Israel came to a halt Monday, as a two-minute siren sounded at 10 a.m., calling the country’s citizens to recall the six million Jews who perished during the Holocaust.
Nationwide, schools held memorial ceremonies, and the political leadership took a break from its usual infighting to read aloud the names of some of those killed.RELATED:
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Holocaust Remembrance Day began the evening before, with a state ceremony at Yad Vashem, where the commemorations continued immediately after Monday’s siren. President Shimon Peres, who along with Prime Minister Binyamin Netanyahu, was present for the morning wreath-laying, flew to Poland to address the March of the Living later in the day.
IDF Chief of General Staff, Benny Gantz, also attended the Yad Vashem ceremony, and later in the day visited a number of Holocaust survivors.
“Each Jew should see himself as if he or she survived the Holocaust,” Gantz said.
The central theme of this year’s Holocaust commemoration was “Fragments of Memory: The Faces Behind the Documents, Artifacts and Photographs” – a campaign launched by the Holocaust Museum aimed at collecting and preserving documents so that future generations may learn about the genocide of the Jewish people from firsthand sources.
Following the siren, the “Every Person Has a Name” readings were held both at the Knesset and at Yad Vashem.
Knesset Speaker Reuven Rivlin opened the reading by offering a brief tribute to former Knesset speaker and Holocaust Survivor Dov Shilansky, who died earlier this year. Shilansky initiated the first ceremonial reading of victims’ names at the Knesset.
Peres, who read after Rivlin, commemorated “my family members, who were massacred together with 2,060 members of their community in the town of Vishneva in August 1942, by the Nazis and their local helpers, who gathered the Jews in the wooden synagogue and burned them alive.”
Among those killed in Peres’s family were his grandparents, uncles and cousins.
After Peres, Netanyahu recalled members of his wife Sarah’s family who were killed.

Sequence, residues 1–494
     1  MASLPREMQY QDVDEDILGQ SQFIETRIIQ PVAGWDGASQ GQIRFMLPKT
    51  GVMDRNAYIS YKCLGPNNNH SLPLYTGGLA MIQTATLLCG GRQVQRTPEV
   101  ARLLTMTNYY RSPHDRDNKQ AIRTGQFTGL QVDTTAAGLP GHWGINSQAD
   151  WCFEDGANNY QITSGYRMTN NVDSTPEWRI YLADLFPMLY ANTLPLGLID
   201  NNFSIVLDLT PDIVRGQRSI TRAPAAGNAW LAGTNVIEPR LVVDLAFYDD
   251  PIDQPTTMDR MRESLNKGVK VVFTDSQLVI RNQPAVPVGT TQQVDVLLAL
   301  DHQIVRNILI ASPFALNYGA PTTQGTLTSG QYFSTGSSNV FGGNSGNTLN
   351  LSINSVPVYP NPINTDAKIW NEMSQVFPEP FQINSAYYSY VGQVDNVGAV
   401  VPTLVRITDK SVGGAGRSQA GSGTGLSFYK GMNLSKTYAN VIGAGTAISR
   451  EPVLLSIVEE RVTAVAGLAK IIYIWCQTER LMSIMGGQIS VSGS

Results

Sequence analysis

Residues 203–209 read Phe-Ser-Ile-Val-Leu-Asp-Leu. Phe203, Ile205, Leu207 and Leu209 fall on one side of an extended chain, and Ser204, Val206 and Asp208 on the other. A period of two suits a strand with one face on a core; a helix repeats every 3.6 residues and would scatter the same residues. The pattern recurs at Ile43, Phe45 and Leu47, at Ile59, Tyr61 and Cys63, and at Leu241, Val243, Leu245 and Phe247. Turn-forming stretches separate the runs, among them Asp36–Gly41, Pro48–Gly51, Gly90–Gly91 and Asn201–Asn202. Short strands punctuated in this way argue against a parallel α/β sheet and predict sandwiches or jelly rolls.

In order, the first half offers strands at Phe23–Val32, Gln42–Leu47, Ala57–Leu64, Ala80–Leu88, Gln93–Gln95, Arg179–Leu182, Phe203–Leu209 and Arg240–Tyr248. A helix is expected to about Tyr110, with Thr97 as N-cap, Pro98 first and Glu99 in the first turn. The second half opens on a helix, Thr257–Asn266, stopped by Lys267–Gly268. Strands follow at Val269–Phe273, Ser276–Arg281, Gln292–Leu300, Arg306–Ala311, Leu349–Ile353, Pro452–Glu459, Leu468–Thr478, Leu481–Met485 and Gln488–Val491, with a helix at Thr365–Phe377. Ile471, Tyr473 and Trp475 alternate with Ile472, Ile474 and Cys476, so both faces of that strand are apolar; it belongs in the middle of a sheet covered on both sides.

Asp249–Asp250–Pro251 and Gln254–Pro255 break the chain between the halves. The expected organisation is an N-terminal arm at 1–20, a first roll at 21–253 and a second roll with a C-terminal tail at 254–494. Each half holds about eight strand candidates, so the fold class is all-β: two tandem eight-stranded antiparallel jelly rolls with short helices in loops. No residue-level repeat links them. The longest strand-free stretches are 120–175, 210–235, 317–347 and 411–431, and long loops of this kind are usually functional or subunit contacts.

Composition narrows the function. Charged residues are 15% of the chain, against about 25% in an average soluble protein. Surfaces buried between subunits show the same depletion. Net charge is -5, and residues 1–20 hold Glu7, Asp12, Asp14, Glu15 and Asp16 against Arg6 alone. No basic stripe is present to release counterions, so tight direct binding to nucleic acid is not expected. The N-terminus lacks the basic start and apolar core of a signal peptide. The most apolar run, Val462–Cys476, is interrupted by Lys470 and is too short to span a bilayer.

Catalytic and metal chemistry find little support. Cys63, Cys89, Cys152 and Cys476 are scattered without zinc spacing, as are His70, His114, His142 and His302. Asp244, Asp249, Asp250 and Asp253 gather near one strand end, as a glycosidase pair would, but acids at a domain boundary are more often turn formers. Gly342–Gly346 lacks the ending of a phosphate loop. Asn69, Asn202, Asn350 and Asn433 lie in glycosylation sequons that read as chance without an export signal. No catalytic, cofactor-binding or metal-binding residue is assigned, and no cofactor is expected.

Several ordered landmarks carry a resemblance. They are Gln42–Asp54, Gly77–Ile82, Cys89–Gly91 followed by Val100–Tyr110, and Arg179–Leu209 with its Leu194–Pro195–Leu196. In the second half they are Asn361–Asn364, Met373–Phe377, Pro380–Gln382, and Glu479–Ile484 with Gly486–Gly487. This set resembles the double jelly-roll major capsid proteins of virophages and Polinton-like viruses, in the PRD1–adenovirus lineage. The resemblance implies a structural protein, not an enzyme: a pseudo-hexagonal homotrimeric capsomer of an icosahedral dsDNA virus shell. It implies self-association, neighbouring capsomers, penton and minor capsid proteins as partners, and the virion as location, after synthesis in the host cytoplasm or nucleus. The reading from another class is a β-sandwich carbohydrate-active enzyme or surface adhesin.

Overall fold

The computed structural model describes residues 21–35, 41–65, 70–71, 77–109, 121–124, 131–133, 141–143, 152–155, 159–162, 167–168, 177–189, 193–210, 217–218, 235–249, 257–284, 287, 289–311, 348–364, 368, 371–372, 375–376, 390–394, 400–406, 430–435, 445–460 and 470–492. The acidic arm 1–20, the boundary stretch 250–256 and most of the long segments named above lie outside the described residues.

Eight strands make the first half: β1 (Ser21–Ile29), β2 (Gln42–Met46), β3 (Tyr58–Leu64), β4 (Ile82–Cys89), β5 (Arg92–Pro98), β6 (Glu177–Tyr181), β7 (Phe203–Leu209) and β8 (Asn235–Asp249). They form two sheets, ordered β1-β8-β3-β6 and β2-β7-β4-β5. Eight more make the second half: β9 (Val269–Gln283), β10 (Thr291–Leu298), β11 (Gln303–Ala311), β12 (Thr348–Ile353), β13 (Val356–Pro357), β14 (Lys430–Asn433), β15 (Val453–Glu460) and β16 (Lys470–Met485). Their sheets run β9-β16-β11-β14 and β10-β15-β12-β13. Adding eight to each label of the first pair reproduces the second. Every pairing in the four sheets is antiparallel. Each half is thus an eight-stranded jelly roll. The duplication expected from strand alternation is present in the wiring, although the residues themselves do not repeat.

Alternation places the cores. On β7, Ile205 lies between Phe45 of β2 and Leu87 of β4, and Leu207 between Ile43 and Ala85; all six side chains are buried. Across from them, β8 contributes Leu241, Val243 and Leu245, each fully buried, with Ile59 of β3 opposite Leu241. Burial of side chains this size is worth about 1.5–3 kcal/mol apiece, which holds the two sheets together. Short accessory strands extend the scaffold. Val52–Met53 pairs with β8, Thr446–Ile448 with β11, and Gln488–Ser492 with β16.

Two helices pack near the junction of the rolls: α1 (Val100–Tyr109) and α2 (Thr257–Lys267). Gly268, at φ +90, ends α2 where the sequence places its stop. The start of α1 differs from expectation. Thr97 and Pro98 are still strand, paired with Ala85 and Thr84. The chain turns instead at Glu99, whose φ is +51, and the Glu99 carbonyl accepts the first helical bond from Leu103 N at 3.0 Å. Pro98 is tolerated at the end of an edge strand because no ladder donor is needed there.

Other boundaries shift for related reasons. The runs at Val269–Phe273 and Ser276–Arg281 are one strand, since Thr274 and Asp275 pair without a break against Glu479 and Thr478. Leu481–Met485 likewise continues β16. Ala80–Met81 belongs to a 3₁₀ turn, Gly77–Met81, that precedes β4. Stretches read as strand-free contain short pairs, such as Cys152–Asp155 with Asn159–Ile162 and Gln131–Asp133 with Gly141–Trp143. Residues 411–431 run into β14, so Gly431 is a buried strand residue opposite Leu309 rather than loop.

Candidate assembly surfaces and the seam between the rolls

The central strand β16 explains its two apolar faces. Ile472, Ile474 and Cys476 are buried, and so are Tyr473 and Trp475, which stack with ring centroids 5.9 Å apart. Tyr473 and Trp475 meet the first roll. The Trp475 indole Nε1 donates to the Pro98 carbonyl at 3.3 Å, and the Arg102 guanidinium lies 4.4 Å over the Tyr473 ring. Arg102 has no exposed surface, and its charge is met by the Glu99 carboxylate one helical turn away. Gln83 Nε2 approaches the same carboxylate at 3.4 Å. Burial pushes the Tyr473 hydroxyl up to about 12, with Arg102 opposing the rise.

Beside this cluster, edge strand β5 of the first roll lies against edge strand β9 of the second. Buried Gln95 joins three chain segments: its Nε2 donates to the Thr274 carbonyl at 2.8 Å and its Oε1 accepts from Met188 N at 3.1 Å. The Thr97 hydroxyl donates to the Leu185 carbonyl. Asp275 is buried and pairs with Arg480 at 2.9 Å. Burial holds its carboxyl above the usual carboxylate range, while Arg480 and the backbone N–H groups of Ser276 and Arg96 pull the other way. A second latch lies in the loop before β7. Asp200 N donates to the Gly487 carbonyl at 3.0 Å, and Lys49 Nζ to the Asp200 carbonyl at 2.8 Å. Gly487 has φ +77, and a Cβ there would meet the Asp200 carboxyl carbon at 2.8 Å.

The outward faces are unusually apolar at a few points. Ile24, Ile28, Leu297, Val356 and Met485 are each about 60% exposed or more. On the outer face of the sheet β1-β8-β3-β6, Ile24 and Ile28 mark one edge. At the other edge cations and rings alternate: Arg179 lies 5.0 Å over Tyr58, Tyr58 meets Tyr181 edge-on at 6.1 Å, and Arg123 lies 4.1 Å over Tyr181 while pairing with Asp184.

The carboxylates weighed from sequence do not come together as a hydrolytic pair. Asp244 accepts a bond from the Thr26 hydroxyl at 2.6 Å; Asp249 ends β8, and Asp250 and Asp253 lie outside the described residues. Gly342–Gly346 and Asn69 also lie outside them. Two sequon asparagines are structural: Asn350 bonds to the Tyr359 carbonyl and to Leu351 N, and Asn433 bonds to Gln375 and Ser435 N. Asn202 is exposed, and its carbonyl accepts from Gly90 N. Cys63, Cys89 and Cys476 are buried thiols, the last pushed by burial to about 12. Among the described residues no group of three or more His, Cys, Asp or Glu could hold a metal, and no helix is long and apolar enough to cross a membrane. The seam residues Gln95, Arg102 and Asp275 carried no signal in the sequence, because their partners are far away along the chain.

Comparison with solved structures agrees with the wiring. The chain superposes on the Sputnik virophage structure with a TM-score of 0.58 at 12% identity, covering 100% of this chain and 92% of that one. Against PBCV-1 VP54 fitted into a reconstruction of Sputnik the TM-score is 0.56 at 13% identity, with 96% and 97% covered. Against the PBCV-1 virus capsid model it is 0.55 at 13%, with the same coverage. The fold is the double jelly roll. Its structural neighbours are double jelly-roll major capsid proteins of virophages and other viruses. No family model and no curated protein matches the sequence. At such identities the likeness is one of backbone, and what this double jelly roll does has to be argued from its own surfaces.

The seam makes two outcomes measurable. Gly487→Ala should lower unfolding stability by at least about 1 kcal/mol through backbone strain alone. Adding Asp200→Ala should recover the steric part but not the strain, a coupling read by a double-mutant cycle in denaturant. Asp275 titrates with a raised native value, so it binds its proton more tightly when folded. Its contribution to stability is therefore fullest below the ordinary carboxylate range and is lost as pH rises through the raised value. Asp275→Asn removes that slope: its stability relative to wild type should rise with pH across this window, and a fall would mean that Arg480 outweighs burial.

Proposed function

Netanyahu’s father-in-law, Shmuel Ben-Artzi, left Poland in 1933 for Palestine, but Ben- Artzi’s parents and siblings remained in Poland and were all murdered in the Holocaust.
“Shmuel and Chava had three sons and a daughter, a large number of grandchildren and great-grandchildren. Their lives are a memorial candle and a living testimony to the continuation of the family, when all of the Shmuel’s immediate family was killed.”
“The lives of millions of members of the Jewish nation were cut short by the Holocaust,” said Opposition Chairwoman Tzipi Livni. “Some of the survivors came to Israel, and build new lives in the state of Israel. Their descendants continued to struggle for its existence, at times at the expense of their lives.”
Livni recounted the story of the Mikelberg family, which was “almost completely wiped out in the Holocaust.”
“The last remaining descendant, Ariela, lost her two sons, Barak and Amichai, defending the State of Israel,” she continued.
Livni read out the names of the Mikelberg family, who were deported to Treblinka and killed, and told the story of Ariela, now Ariela Itkes, born after the war to Binyamin Mikelberg.
“The name Mikelberg will not be the last name of anybody in Israel, and all that remains of the Itkes family are Ariela and her daughter Meital. The story of the Itkes and Mikelberg families is one of many in the Jewish people – of unintentional heroes, who fought to survive and heroes who fought to defend – those who were sacrificed because of their Judaism, and those who sacrifice for the Jewish State.
Defense Minister Ehud Barak also referred to the role of Israel’s defense in post-Holocaust generations.
“The Israel Defense Forces are standing on guard for the Jewish people, and it is the IDF that promises ‘never again.’ The defense forces are the eternal answer to the Holocaust – the revenge of those who were killed, the consolation for those who survived and the hope shared by all,” Barak said.
Hours before the Knesset ceremony, MK Michael Ben- Ari (National Union)
launched a new Knesset lobby that he called the “Lobby for Internalizing
the Lessons of the Holocaust.”
“Along the commandment to remember what Amalek did unto you – which we
do every year on the 26th of Nissan – we have an obligation to examine
the lessons of the past,” Ben-Ari said.
He added that the new lobby will examine occurrences of hatred against Israel in a modern context.
National Union Chairman Yaacov Katz told lobby members that “the
greatest revenge to the Germans is the blessed birthrate and natural
growth of the Jewish people.”
Katz called on Israel to stop bringing world leaders to Yad Vashem to
show them the “pathos and demeaning exile” of the Jewish people – but
rather to highlight what Jews have accomplished since.
“They should be exposed to our ability to destroy Iran in an instant,
and Syria in a minute, if they dare to raise their hands against us,” he
In a statement from US President Barak Obama, the president expressed
solidarity with Israel for the six-million killed by the Nazis.
“I join people here at home, in Israel, and around the world in
commemorating Holocaust Remembrance Day, and in honoring the memory of
all those who suffered, died and lost loved ones in one of the most
barbaric acts in human history,” his statement read.
“We must heed the urgency to listen to and care for the last living
survivors, camp liberators and the witnesses to the Shoah. And we must
meet our sacred responsibility to honor all those who perished by
recalling their courage and dignity in the face of unspeakable
atrocities, by insisting that the world never forget them, and by always
standing up against intolerance and injustice,” Obama concluded.